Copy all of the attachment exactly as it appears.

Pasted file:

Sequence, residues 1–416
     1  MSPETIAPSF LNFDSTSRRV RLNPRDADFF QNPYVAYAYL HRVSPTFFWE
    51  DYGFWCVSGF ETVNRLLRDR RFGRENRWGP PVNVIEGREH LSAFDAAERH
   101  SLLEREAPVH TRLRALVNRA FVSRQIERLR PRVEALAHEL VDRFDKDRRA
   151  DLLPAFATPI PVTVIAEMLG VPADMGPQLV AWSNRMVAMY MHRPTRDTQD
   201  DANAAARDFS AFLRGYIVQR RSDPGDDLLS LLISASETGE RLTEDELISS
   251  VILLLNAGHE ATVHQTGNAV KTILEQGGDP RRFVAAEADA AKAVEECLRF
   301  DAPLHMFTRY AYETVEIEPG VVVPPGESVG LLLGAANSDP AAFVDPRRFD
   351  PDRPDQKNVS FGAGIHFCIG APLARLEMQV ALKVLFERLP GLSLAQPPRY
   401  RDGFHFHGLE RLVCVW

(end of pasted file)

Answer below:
Sequence, residues 1–416
     1  MSPETIAPSF LNFDSTSRRV RLNPRDADFF QNPYVAYAYL HRVSPTFFWE
    51  DYGFWCVSGF ETVNRLLRDR RFGRENRWGP PVNVIEGREH LSAFDAAERH
   101  SLLEREAPVH TRLRALVNRA FVSRQIERLR PRVEALAHEL VDRFDKDRRA
   151  DLLPAFATPI PVTVIAEMLG VPADMGPQLV AWSNRMVAMY MHRPTRDTQD
   201  DANAAARDFS AFLRGYIVQR RSDPGDDLLS LLISASETGE RLTEDELISS
   251  VILLLNAGHE ATVHQTGNAV KTILEQGGDP RRFVAAEADA AKAVEECLRF
   301  DAPLHMFTRY AYETVEIEPG VVVPPGESVG LLLGAANSDP AAFVDPRRFD
   351  PDRPDQKNVS FGAGIHFCIG APLARLEMQV ALKVLFERLP GLSLAQPPRY
   401  RDGFHFHGLE RLVCVW